Welcome to our site!

Electro Tech is an online community (with over 170,000 members) who enjoy talking about and building electronic circuits, projects and gadgets. To participate you need to register. Registration is free. Click here to register now.

  • Welcome to our site! Electro Tech is an online community (with over 170,000 members) who enjoy talking about and building electronic circuits, projects and gadgets. To participate you need to register. Registration is free. Click here to register now.

Fm Transmitter Help

Status
Not open for further replies.

Griffr33

New Member
I'm looking to build a FM Transmitter to use around my house, i want to make one that has a large range. i want to make one that can brodcast around my neighborhood. Would 1 Watt be enough for that? and could someone help me with schematics?
 

Hero999

Banned

audioguru

Well-Known Member
Most Helpful Member
It is against the law in most countries to be a broadcaster without a licence. A licence needs a certified transmitter, not home-made.
They are worried that you might broadcast bad things or cause direct interference to other FM radio stations or indirect by the harmonics causing TV and communications interference.

The web is full of high power transmitters and RF amplifiers with horrible designs.
Some companies make kits for radio pirates.
 

AllVol

New Member
It is against the law in most countries to be a broadcaster without a licence. A licence needs a certified transmitter, not home-made.

Some folks here are using legally-purchased FM transmitters to broadcast music and narration with their outdoor Christmas light displays. The range is limited to a few hundred feet, and one can pick up the broadcast on their auto FM receiver while watching the show.

I think the FCC makes allowance for this activity through power and distance limitations.
 

stevez

Active Member
I googled on "fcc fm transmitter" and looked at several websites and publications that seemed to be credible sources of information. I read that for unlicensed operation within the FM broadcast band that the limit is based on 250 microvolts per meter of field strength at 3 meters from the transmitter (other conditions apply). One of the sites showed an example with calculations that suggested 1 watt was several orders of magnitude more power than might be allowed. Each country has it's own rules but the US rules provide some insight.

Based on what I read and a little bit of experience I'd suggest that you could purchase a certified compliant (for your location) commercially available transmitter that includes an antenna and use it as indicated by the manufacturer. You are responsible for the emissions but it's likely that you'll be ok. If you choose to build your own then you accept the responsibility for design and operation.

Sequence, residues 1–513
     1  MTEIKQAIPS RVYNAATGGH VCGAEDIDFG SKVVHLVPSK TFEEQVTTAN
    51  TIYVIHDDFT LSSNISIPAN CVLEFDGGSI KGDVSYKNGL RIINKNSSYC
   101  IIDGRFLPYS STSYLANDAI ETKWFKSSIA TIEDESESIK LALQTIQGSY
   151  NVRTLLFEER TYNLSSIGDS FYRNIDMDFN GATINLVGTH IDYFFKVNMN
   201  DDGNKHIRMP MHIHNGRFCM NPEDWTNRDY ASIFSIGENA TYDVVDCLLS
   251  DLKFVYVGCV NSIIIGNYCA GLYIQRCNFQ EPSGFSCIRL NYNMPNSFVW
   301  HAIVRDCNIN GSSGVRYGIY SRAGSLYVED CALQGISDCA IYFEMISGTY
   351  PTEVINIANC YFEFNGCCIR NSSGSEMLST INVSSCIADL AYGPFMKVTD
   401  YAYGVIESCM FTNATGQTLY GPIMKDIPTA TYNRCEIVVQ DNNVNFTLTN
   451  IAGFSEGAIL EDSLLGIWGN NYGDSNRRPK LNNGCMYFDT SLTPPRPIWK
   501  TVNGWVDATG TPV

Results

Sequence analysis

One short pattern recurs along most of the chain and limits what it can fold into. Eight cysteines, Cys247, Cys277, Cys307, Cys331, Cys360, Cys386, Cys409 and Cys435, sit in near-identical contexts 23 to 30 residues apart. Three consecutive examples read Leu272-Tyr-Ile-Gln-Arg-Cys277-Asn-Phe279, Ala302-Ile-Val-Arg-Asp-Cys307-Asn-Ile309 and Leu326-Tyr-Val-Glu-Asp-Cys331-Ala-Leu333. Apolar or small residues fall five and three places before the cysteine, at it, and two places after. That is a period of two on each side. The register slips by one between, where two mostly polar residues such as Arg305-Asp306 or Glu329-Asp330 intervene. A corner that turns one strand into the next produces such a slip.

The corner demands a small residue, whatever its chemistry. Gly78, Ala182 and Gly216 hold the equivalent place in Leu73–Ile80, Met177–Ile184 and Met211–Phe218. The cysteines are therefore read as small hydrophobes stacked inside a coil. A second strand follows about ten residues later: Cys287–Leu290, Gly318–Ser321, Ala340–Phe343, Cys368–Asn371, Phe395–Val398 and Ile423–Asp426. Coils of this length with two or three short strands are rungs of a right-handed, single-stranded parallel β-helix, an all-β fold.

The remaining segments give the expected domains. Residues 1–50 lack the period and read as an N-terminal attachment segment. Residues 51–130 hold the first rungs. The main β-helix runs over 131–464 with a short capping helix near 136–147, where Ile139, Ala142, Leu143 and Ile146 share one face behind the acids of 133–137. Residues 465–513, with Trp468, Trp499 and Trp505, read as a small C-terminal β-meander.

In the US, and possibly other countries, they do not have large numbers of radio police to monitor this kind of activity. There are however, lots of people who could be affected by a transmitter and if you bother them enough they will find you and if required, ask the authorities to enforce the regulations. This might suggest that if you live in a rural area and use very low power, that the odds of bothering anyone are relatively low - and then as the population density increases, the odds of bothering someone increases. One could also argue that there is so much junk in the RF spectrum it might be tough to single out any one offender - though I can say that I've worked with teams locally to track down spurious emissions - usually but not always some malfunction.
 

HiTech

Well-Known Member
I'm not sure if this particular FCC rule has been updated, but long ago it was determined that the antenna could not be more than X feet from the transmitter as well as X feet above earth ground. So, the trick some of us would do to circumvent that was to place the transmitter high up on a tower along with the antenna and simply run DC power and audio to it!! :rolleyes::p
 

stevez

Active Member
A quick look at a website or two suggested to me that the rules for the FM broadcast band are different than for the AM broadcast band. My memory of the way things were is similar to yours - basically allowed hobbyists to be compliant with less knowledge. My friend's phono-oscillator was one of the things that sparked my interest in electronics - a simple but effective transmitter connected to his phonograph.

I suppose it's like other rules and regulations - they change as people find creative ways around the existing rules.
 

mneary

New Member
**broken link removed** (US regulation) hasn't had substantial changes in quite a while. Imho, it's not difficult reading, but it may test your attention span. ;)
 
Status
Not open for further replies.
Top